Commentary by Michael Weisel
Pat McCrory is trying to have it both ways and he seems to be getting away with a monstrous act of hypocrisy.
On May 24th, McCrory’s campaign lawyers filed a lawsuit against N.C. Citizens for Progress for making false statements about McCrory in a television ad. In the previous six days, McCrory’s lawyers filed an FCC complaint and relentlessly threatened TV stations to take down the ad or face litigation. McCrory was indignant. N.C. news outlets dutifully reported his indignation.
The same day, N.C. Citizens called McCrory’s bluff, filing a complaint in court asking that its ad be declared true and lawful. The bully McCrory went limp. His lawyers must have wet their pants when it dawned on them that McCrory would actually have to answer questions under oath about his business dealings.
So Team McCrory attempted to slither out of the lawsuit – to avoid putting the would-be governor under oath to answer questions.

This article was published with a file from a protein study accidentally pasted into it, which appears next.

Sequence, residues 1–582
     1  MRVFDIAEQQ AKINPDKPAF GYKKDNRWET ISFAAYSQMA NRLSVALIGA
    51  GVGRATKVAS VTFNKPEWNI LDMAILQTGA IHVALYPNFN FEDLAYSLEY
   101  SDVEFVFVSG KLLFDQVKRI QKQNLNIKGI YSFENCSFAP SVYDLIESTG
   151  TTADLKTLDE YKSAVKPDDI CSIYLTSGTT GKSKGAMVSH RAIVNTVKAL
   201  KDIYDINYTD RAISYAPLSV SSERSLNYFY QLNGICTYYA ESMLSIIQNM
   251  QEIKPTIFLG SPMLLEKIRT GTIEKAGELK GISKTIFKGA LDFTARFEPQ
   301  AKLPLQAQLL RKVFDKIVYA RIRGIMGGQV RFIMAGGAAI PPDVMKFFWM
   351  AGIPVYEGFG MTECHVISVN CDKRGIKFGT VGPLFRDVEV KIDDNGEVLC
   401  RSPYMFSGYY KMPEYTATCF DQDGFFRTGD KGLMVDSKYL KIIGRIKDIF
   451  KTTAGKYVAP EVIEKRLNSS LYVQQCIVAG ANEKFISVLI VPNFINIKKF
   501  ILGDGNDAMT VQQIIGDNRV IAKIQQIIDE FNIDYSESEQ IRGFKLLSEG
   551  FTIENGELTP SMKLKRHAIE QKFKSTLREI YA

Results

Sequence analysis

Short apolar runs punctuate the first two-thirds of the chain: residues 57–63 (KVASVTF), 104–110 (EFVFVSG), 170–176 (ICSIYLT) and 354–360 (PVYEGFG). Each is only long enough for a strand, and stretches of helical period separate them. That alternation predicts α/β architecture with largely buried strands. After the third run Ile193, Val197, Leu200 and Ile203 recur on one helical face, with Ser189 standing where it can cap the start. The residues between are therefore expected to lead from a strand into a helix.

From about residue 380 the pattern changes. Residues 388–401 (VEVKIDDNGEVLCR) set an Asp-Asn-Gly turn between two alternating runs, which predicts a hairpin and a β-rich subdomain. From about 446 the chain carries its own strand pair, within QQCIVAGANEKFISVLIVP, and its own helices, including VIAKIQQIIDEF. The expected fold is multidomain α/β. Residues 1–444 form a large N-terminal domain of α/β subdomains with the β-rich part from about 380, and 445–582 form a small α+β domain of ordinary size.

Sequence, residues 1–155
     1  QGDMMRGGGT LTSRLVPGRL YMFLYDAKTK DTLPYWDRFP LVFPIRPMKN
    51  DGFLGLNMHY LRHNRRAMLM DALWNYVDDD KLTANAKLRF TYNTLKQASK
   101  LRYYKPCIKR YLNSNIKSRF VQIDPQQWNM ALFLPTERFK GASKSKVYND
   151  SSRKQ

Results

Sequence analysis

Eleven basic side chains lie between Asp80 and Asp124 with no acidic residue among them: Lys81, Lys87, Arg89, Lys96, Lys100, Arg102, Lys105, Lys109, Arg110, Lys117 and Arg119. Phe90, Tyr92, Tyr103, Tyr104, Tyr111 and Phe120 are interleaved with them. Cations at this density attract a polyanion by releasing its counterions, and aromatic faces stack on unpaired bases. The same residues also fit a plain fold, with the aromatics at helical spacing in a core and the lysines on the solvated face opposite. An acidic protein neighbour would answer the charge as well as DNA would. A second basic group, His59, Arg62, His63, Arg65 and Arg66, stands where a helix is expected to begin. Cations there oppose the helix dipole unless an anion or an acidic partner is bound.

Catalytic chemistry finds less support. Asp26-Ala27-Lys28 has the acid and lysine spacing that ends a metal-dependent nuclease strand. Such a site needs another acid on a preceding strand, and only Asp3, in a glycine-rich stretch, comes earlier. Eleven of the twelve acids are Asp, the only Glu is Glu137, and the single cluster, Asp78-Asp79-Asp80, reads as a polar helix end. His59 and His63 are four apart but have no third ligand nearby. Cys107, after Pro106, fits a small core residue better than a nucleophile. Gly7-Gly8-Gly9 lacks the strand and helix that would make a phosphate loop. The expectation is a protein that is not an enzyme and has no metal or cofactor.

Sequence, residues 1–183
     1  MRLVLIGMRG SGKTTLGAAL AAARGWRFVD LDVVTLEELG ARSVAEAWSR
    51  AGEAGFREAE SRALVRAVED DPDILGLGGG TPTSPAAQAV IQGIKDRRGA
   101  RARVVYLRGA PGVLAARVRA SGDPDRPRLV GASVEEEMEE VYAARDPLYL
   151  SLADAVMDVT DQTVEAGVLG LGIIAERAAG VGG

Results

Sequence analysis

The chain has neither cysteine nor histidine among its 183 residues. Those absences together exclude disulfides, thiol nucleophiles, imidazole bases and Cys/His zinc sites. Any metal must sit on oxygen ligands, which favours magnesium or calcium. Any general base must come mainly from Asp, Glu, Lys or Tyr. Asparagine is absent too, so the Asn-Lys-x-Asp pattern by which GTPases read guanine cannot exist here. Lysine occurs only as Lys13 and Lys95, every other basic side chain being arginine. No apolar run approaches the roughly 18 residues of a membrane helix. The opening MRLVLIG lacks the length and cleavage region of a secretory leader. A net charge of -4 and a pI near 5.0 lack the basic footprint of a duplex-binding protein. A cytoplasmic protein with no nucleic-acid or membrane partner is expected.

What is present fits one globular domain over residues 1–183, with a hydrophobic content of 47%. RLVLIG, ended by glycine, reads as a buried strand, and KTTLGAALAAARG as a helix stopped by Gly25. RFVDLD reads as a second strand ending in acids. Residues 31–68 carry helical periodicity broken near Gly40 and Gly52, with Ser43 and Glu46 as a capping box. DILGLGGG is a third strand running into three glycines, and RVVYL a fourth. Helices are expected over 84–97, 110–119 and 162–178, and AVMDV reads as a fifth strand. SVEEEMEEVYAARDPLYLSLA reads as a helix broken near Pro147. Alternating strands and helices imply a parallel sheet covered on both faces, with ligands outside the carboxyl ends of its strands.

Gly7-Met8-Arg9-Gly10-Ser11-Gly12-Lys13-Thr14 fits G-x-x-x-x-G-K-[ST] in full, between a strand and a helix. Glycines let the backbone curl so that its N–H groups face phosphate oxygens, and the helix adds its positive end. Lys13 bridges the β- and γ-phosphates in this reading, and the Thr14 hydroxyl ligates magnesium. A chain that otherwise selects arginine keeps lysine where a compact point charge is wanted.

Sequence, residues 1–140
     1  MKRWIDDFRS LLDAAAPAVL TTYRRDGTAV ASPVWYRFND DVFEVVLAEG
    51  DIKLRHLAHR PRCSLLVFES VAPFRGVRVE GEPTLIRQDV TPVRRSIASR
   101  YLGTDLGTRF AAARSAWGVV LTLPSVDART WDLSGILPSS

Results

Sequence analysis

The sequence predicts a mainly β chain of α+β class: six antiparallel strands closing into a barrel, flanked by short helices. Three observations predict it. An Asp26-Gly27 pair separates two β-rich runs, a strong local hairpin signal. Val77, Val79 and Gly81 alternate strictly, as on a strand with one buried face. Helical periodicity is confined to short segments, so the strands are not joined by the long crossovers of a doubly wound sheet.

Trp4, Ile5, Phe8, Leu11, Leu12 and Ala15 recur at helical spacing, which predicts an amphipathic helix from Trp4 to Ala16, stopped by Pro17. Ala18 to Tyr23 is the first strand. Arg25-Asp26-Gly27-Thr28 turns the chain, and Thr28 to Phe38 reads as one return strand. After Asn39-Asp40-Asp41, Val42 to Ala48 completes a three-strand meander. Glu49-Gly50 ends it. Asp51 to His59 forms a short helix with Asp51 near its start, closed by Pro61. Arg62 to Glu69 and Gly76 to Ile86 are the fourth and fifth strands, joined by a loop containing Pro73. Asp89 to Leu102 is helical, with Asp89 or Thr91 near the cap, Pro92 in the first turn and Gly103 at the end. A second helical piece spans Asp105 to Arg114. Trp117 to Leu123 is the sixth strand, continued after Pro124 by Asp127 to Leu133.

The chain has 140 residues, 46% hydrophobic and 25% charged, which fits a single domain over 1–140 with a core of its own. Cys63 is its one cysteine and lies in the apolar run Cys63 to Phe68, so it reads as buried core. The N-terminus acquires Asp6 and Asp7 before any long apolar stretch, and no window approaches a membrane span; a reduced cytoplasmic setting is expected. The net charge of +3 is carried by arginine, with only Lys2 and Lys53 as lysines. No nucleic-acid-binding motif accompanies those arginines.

The richest irony is that McCrory’s barristers this week accused N.C. Citizens for Progress of abusing the court system. This from the legal team who used lawsuits as a threat in the first place and then filed a lawsuit that Team McCrory used as a political tactic to discredit the ad?
To be clear, N.C. Citizens would never have gone to court had it not been for McCrory’s lawsuit.
None of this should be a surprise to N.C. journalists. If it sounds familiar, it’s because McCrory’s lawyers used this same intimidation tactic in 2008 - effectively.
This latest attempt at intimidation didn’t work on N.C. Citizens for Progress. But it must have worked on N.C. news media, which by and large have ignored this story. It’s not too late to set the record straight. Readers and viewers deserve it.